Friday, May 11, 2012

Celiac Disease and Iron Deficiency

My sister-in-law e-mailed me to let me know about her friend's blog which details the problems she has had with iron deficiency. She hasn't been able to absorb iron through supplements or food, and then reacted to the iron given to her through an IV.  She recently had an upper g.i., and they found that her villi were flattened.  She is waiting for an official diagnosis, but it appears to be celiac disease.

Isn't it surprising how many symptoms there are for celiac disease?  It seems extremely important that those of us with celiac disease are aware of the most common symptoms, so we can help others to know if they should be tested.  Here is a list from the Mayo Clinic:

There are no typical signs and symptoms of celiac disease. Most people with the disease have general complaints, such as:
  • Intermittent diarrhea
  • Abdominal pain
  • Bloating
Sometimes people with celiac disease may have no gastrointestinal symptoms at all. Celiac disease symptoms can also mimic those of other conditions, such as irritable bowel syndrome, gastric ulcers, Crohn's disease, parasite infections and anemia.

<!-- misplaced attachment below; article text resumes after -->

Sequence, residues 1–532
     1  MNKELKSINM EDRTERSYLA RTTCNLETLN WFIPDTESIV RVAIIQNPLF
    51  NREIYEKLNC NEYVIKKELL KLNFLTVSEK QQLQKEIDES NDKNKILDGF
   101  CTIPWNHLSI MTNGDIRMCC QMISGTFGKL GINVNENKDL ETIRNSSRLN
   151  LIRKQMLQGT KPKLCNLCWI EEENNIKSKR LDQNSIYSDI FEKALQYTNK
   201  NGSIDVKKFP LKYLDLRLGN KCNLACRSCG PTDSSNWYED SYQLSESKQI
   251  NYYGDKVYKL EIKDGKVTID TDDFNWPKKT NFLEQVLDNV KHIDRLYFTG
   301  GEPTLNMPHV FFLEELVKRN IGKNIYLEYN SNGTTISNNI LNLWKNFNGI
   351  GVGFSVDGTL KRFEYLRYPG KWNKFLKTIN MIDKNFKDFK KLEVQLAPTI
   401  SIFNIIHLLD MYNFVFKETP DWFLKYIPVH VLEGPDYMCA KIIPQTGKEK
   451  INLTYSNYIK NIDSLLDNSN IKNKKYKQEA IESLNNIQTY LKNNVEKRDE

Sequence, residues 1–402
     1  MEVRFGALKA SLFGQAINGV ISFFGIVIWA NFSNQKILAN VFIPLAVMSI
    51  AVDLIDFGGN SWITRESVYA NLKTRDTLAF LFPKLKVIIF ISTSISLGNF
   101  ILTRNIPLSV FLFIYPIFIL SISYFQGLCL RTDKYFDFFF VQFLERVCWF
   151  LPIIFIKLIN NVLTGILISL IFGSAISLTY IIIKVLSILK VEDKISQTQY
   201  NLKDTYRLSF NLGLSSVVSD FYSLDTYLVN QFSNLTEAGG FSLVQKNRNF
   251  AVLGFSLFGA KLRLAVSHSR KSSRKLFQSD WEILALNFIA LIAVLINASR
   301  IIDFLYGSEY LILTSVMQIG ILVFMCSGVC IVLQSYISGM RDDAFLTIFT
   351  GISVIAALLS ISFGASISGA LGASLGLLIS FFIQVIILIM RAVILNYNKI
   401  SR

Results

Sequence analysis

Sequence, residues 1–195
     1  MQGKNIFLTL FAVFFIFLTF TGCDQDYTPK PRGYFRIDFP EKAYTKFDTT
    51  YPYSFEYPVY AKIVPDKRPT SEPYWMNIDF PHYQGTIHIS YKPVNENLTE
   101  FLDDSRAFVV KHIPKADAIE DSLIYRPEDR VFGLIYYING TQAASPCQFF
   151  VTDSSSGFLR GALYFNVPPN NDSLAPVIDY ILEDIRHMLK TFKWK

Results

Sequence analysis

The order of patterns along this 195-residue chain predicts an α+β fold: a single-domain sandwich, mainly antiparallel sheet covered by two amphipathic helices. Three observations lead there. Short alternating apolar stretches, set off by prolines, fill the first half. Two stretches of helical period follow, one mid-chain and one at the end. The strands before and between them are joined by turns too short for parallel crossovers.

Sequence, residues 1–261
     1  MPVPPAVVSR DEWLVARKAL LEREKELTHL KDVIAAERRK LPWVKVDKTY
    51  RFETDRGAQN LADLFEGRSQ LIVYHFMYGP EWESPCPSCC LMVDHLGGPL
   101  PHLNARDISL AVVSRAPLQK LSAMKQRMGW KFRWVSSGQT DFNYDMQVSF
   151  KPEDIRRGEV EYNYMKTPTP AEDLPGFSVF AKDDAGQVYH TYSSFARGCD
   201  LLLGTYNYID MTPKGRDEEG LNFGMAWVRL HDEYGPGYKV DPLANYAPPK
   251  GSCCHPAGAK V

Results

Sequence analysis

Celiac disease may also present itself in less obvious ways, including:
  • Irritability or depression
  • Anemia
  • Stomach upset
  • Joint pain
  • Muscle cramps
  • Skin rash
  • Mouth sores
  • Dental and bone disorders (such as osteoporosis)
  • Tingling in the legs and feet (neuropathy)
Some indications of malabsorption of nutrients that may result from celiac disease include:
  • Weight loss
  • Diarrhea
  • Abdominal cramps, gas and bloating
  • General weakness and fatigue
  • Foul-smelling or grayish stools that may be fatty or oily
  • Stunted growth (in children)
  • Osteoporosis
Another gluten-related condition
Dermatitis herpetiformis is an itchy, blistering skin disease that also stems from gluten intolerance. The rash usually occurs on the torso, scalp and buttocks. Dermatitis herpetiformis can cause changes to the lining of the small intestine similar to that of celiac disease. However, it may not produce noticeable digestive symptoms. This disease is treated with a gluten-free diet, in addition to medication to control the rash.

No comments:

Post a Comment